"'In the Barrel, we don't trade in safety,' Kaz said, the abraded burn of his voice carrying over the crowd. 'There's only strength and weakness. You don't ask for respect. You earn it.'
You don't ask for forgiveness. You earn it. He'd stolen her line. She almost smiled."
My mind is still reeling with how much Bardugo weaves into the plot, how many twists, how much time she devotes to character development, and yet the story never feels bogged down. We learn about each character's past in a way that aids the overall story, so it never feels like we've stopped with the main story just to get some extra information. Each relationship is unique and perfect in its own way. Jesper and Wylan, Nina and Mathius, Kaz and Inej. All are flawed, and not in that terribly romantic way that is just surface deep. We have true trauma in each of their lives, and Bardugo tackles a multitude of heavy issues from grief, PTSD, sexual and familial abuse, homophobia and racial stereotyping.
On the romance level...all I will say is that when the most grin worthy, happy dance, clapping for joy moment is a holding of hands, you have successfully pulled all the right heartstrings with none of the cheap tricks typical of YA romances. Trauma symptoms were not suddenly ignored and dropped just to push some swoon moments. Every character remained true. And the ending of each relationship is exactly how it should be. Even if that ending had me wailing and pouting in denial.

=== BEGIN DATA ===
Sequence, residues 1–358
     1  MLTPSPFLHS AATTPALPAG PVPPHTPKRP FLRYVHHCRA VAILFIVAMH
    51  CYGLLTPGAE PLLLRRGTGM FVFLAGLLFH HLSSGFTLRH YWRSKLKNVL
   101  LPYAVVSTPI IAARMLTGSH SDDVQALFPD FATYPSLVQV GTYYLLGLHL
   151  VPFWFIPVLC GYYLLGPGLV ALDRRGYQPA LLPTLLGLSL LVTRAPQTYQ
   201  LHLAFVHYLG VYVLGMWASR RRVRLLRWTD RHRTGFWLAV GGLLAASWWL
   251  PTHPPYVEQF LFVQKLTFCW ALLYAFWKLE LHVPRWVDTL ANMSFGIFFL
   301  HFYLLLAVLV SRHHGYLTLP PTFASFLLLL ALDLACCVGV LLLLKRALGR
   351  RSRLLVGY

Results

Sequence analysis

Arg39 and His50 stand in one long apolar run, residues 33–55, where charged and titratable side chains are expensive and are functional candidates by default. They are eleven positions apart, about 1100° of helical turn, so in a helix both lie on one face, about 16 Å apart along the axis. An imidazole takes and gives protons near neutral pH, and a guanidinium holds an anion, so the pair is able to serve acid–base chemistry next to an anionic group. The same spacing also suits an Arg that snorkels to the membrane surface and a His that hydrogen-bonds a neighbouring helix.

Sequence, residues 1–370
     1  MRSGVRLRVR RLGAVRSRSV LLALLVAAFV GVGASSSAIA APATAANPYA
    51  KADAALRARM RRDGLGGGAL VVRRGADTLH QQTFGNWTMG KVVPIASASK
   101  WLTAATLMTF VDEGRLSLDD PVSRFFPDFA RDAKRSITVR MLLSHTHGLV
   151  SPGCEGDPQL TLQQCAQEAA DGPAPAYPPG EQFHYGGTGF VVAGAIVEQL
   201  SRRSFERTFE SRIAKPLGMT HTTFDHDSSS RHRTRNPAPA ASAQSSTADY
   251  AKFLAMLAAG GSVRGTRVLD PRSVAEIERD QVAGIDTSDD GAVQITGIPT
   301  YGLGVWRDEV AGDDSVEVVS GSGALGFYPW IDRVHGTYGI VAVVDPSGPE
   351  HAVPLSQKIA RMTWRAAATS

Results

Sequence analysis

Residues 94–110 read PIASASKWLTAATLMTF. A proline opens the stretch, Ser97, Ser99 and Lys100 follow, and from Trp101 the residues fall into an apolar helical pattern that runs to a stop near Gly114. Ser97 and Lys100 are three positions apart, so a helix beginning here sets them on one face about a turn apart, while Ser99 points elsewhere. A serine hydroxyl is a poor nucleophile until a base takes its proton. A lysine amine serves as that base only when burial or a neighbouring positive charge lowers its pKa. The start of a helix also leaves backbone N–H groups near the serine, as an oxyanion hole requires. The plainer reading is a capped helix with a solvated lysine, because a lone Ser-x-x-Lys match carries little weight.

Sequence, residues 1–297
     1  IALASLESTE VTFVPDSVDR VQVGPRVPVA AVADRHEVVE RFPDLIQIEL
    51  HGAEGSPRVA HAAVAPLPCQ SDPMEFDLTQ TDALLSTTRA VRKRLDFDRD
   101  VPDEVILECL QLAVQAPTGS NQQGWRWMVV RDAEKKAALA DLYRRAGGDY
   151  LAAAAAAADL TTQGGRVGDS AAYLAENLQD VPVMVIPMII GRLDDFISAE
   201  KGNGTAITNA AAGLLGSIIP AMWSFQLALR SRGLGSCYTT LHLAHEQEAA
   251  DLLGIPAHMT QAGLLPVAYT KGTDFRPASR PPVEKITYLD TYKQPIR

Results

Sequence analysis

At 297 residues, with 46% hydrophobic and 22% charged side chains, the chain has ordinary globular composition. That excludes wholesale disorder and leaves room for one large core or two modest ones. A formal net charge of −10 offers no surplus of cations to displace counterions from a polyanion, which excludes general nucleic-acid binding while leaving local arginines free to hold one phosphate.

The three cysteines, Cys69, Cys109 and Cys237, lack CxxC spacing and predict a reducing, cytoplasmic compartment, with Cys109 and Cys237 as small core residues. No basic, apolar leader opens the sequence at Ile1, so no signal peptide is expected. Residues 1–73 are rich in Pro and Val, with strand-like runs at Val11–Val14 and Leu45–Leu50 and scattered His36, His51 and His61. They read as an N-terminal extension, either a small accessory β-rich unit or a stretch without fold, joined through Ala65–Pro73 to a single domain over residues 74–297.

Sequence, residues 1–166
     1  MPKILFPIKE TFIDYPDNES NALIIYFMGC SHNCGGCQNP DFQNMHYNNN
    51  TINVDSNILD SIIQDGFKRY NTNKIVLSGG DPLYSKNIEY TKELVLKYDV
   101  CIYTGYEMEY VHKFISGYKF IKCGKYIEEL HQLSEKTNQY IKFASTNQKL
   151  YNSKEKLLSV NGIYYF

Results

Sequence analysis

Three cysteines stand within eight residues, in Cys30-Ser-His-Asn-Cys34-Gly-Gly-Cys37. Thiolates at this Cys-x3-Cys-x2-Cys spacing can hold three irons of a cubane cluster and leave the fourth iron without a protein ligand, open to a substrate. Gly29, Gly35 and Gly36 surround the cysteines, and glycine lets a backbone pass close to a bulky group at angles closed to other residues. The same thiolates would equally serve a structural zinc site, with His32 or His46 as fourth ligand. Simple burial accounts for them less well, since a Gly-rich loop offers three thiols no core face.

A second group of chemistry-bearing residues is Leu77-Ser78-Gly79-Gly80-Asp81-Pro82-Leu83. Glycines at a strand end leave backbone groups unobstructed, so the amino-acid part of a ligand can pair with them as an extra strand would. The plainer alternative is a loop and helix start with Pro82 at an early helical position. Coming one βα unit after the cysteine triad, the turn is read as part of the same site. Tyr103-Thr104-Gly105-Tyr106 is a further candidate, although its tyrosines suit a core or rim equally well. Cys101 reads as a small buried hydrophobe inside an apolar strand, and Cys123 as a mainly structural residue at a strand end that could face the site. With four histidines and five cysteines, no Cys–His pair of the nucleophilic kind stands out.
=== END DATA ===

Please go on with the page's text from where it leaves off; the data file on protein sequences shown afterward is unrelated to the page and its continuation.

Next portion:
"'We were all supposed to make it,' said Wylan softly.
Maybe that was naive...but Jesper realized he'd been thinking the same thing. After all their mad escapes and close calls, he'd started to believe the six of them were somehow charmed, that his guns, Kaz's brains, Nina's wit, Inej's talent, Wylan's ingenuity, and Matthias' strength had made them somehow untouchable. They might suffer. They might take their knocks, but Wylan was right, in the end they were all supposed to stay standing.
'No mourners,' said Jesper, surprised by the ache of tears in his throat.
'No funerals,' they all replied softly."
The losses we suffer at the end seemed to come on too suddenly in the story...like turning a blind corner and being punched in the gut; I kind of still don't believe it happened, and trying to catch my breath afterwards is painful.
One final note - I applaud how this story is confidently closed as a duology. When the adventures of the Crows could so obviously go on and on, it is mastery to know when your story is perfectly rounded and complete, even if we as readers imagine all sorts of futures for the characters and world. That's not to say we won't be in the Grisha-verse again, and I wholly look forward to any cameos. But knowing that the best time to say farewell is when your readers still pine for the characters is genius.
So, pine away we must, and look forward to the gorgeous artwork that is being created to keep us connected with our favorite band of ruffled crows.